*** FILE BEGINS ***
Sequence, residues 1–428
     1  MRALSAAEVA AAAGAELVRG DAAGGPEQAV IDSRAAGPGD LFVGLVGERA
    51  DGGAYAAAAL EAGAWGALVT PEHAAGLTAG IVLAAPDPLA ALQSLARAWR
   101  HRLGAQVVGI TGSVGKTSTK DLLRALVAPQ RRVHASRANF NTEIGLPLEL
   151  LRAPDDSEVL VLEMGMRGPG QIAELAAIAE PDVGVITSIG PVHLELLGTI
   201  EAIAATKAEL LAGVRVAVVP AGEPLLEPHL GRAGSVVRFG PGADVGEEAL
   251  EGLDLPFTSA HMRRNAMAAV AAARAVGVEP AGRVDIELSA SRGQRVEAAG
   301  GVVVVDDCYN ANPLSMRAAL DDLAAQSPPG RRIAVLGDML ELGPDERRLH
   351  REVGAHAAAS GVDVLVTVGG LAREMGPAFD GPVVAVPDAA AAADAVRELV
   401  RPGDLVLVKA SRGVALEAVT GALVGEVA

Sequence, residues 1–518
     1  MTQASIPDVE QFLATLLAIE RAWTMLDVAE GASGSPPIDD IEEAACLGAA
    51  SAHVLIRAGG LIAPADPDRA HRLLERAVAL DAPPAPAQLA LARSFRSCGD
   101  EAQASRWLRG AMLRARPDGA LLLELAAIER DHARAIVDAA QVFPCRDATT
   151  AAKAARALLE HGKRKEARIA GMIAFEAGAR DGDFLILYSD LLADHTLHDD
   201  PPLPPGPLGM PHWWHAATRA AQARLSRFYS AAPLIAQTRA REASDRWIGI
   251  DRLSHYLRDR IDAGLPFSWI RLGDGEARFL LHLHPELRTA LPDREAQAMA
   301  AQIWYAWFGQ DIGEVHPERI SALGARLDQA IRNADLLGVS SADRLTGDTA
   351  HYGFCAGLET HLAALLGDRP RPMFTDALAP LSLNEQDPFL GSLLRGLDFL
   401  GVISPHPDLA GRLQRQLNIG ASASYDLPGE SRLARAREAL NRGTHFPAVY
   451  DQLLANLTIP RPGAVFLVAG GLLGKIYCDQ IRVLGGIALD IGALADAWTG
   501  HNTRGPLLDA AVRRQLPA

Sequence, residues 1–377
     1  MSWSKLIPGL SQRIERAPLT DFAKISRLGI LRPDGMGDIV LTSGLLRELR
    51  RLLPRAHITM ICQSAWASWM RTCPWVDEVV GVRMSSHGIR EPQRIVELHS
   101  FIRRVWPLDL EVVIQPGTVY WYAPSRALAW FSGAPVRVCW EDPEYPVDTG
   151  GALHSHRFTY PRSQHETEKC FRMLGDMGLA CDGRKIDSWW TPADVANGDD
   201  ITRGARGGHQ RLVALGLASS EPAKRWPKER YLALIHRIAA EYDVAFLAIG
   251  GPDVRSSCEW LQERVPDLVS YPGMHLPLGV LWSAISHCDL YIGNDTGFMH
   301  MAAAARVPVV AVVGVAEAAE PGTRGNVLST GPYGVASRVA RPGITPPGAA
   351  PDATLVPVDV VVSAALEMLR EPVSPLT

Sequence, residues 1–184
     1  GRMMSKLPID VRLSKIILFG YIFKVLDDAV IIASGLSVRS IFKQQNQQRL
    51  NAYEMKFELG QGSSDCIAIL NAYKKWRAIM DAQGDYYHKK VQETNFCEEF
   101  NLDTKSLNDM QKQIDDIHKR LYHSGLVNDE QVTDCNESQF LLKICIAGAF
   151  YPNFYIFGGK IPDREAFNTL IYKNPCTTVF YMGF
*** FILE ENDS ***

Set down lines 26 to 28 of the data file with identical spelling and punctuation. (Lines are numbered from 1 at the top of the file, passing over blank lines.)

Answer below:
   101  FIRRVWPLDL EVVIQPGTVY WYAPSRALAW FSGAPVRVCW EDPEYPVDTG
   151  GALHSHRFTY PRSQHETEKC FRMLGDMGLA CDGRKIDSWW TPADVANGDD
   201  ITRGARGGHQ RLVALGLASS EPAKRWPKER YLALIHRIAA EYDVAFLAIG